The PRIC, China’s Polar Research Institute, hails a meeting held earlier this month in Akureyri, northern Iceland, about a Chinese-Icelandic northern lights observatory, as a “substantial development” and the “official start” of the project, following a cooperation agreement between research institutions of the two countries. The meeting was chaired by Yang Huigen 杨惠根, director of the PRIC. The project is to take up some 150 hectares of a farm called Kárhóll, in Reykjadalur, near Akureyri.
The very day the PRIC announced this, Icelandic primetime news show Kastljós opened with a story on the Kárhóll project. The land for the observatory had just been purchased, and Dr Yang was on it, busy with what looked like the first stages of the construction. The plot was bought by a foundation named Aurora Observatory, established by a local government, a local bank and the firm Arctic Portal, and the price was somewhere below $700k. The deal generally confirms rumours published in May by the Akureyri Vikublað, but it has now emerged that the plot had already been sold last year, to Arctic Portal alone, and only a fraction of the price had been paid.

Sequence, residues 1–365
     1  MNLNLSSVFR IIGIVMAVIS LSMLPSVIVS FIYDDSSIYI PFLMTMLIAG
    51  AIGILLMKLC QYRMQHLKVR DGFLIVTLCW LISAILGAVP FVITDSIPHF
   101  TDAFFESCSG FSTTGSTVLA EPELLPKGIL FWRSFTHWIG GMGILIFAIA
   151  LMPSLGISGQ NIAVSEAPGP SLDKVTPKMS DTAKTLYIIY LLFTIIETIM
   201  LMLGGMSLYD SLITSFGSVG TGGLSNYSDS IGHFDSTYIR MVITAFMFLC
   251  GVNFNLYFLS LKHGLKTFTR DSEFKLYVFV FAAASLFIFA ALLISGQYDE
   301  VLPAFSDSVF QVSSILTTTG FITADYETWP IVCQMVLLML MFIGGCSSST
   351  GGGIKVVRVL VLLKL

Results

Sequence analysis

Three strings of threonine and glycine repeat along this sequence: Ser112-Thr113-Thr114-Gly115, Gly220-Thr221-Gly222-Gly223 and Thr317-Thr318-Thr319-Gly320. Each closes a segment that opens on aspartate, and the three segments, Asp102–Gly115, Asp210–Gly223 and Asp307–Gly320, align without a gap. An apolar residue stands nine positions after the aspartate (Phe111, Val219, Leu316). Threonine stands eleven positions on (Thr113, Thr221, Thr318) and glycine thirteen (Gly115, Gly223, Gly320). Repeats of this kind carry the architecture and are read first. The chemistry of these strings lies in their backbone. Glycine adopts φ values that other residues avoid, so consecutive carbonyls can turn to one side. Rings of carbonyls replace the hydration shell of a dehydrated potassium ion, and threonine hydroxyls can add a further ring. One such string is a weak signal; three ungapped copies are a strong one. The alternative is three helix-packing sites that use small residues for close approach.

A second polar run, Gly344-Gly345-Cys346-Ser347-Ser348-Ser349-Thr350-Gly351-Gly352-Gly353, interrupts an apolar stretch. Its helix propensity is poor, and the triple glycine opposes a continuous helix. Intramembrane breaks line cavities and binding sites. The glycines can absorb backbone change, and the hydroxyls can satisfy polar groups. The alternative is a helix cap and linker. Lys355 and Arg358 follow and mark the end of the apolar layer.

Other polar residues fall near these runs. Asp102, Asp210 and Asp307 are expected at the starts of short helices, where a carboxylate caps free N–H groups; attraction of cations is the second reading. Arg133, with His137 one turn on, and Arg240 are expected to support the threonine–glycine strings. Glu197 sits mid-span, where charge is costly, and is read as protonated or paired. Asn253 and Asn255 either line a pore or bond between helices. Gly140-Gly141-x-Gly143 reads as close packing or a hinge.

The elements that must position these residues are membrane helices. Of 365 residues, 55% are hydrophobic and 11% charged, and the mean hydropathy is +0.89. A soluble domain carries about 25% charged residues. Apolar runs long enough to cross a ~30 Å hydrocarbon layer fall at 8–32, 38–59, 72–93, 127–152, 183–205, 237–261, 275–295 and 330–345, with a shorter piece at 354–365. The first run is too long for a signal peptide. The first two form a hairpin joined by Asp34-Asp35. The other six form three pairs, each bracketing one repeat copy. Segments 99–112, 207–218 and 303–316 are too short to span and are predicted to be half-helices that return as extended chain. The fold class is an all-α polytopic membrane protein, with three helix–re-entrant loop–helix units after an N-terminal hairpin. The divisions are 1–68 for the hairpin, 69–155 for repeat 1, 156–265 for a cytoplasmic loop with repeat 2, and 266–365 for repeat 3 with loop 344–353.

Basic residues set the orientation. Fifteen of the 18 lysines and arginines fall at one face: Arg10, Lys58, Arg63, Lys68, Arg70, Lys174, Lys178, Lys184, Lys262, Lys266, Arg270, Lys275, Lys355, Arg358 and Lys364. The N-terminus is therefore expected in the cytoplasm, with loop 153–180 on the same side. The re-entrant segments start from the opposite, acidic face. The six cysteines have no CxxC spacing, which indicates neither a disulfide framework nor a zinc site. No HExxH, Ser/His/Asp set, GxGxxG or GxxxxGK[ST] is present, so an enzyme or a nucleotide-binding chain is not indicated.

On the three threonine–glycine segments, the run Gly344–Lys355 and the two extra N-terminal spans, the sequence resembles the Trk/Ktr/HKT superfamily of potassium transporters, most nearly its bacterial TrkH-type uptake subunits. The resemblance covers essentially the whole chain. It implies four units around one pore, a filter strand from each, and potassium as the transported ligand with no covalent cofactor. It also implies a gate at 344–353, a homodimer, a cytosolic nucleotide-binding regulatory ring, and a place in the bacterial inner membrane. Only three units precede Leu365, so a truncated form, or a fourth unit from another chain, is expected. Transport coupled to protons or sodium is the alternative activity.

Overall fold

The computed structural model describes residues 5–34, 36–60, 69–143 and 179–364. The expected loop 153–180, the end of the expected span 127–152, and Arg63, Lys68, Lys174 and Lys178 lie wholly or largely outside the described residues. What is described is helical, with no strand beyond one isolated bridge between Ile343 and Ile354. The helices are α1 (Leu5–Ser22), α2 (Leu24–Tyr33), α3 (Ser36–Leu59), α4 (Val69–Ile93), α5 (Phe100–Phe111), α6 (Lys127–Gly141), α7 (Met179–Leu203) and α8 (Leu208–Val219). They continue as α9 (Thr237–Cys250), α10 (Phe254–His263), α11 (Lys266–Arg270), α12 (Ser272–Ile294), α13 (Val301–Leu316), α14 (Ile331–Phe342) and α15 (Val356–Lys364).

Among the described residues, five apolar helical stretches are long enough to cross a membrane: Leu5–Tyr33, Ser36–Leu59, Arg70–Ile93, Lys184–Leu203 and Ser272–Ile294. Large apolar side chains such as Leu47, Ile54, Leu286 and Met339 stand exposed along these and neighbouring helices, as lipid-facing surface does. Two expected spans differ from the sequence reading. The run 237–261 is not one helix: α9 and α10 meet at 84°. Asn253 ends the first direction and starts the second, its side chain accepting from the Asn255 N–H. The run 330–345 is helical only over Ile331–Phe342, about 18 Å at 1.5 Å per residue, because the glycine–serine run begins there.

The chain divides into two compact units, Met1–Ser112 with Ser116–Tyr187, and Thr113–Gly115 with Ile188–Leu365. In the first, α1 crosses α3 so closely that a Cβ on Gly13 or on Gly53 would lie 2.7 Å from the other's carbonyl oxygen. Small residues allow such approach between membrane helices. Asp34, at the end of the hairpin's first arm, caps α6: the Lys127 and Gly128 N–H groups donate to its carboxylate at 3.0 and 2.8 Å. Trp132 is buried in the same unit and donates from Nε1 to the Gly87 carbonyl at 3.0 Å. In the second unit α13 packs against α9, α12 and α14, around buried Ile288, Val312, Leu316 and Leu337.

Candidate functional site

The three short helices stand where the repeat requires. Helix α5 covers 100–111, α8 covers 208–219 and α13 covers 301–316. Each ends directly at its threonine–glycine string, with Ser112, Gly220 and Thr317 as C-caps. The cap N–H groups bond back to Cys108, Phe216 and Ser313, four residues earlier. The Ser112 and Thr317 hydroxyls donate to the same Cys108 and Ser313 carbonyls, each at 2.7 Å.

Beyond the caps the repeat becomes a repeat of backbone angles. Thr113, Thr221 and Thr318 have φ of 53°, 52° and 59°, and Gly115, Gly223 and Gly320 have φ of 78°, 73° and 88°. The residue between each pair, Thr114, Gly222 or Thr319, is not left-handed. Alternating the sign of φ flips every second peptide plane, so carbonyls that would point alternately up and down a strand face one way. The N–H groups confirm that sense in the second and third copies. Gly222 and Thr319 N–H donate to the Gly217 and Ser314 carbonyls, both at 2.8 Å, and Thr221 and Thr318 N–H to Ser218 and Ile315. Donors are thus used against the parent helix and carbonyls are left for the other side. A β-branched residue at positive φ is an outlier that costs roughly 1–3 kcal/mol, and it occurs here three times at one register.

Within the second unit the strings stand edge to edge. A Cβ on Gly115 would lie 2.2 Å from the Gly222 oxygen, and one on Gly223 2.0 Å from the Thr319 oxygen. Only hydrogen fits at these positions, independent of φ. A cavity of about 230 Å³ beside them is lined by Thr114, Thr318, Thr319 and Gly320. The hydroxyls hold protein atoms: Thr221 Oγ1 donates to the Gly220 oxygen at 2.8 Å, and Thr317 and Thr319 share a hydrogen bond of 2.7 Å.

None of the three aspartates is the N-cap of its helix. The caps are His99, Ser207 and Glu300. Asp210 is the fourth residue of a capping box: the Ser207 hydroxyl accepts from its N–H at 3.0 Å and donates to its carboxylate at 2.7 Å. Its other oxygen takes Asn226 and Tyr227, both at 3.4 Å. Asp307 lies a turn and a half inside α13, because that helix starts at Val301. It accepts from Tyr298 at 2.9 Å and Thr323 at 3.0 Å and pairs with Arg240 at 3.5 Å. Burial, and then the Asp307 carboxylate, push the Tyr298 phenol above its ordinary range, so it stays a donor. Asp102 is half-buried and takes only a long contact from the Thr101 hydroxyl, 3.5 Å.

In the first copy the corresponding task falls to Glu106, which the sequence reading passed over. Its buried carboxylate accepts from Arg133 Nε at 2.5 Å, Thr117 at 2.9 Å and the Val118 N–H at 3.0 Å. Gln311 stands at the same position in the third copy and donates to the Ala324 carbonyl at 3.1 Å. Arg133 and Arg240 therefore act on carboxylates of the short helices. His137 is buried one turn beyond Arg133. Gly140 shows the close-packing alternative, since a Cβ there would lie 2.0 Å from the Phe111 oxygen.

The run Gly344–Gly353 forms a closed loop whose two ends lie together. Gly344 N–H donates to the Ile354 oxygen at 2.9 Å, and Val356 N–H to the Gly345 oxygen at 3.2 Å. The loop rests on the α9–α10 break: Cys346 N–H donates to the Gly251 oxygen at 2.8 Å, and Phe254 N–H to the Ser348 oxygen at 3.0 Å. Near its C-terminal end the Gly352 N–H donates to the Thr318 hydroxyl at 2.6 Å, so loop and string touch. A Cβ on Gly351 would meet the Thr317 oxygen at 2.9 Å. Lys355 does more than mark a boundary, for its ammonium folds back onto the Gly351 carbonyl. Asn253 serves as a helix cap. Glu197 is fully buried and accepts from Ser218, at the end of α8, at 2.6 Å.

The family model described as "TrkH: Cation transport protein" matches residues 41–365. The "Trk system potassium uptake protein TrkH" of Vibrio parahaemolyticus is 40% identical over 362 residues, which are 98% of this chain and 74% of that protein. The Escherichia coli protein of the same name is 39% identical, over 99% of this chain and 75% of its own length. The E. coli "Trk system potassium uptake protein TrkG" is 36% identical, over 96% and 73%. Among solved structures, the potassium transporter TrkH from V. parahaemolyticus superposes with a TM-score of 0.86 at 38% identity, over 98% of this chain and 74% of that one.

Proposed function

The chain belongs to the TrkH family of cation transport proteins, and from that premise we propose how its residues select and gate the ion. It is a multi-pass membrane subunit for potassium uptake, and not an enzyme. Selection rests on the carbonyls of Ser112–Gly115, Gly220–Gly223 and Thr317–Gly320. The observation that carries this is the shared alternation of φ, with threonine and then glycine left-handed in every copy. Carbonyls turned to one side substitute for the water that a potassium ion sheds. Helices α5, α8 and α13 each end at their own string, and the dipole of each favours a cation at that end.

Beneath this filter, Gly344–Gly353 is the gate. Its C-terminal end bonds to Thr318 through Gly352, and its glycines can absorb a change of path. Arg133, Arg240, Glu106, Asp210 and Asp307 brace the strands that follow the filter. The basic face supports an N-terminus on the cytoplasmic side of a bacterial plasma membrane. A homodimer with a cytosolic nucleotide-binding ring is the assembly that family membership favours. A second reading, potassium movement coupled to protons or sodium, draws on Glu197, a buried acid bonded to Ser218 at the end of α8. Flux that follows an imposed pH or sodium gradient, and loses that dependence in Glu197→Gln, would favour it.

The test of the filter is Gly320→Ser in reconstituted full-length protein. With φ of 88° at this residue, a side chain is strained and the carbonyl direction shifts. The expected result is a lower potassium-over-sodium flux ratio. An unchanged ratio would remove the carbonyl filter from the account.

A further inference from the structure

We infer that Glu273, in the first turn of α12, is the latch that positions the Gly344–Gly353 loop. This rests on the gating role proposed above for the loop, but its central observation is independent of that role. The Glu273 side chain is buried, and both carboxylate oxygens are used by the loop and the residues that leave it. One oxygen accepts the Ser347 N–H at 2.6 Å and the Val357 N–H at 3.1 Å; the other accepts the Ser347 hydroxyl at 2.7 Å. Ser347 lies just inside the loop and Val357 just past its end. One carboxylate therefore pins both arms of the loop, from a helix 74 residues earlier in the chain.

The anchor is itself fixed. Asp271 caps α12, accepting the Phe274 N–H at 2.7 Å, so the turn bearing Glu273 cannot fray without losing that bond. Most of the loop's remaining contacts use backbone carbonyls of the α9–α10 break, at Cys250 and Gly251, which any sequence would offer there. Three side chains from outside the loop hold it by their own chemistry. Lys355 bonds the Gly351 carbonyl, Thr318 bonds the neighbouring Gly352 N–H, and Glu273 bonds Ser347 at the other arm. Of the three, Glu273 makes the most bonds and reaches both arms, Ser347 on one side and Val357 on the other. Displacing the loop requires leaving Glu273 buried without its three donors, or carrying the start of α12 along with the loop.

Arctic Portal belongs to Halldór Jóhannsson, known as Chinese poet-tycoon Huang Nubo’s spokesman in Iceland. Back in March I wrote about Mr Huang’s failed attempts to buy a tract of land in Iceland; he hasn’t given up, but his plans have advanced little if at all since then. In the meantime he has embarked on a ten-year long ‘world-travel project’ which began in Germany.
Other than in the Icelandic sources quoted above, the Kárhóll deal is reported in detail on Islandsbloggen (in Swedish).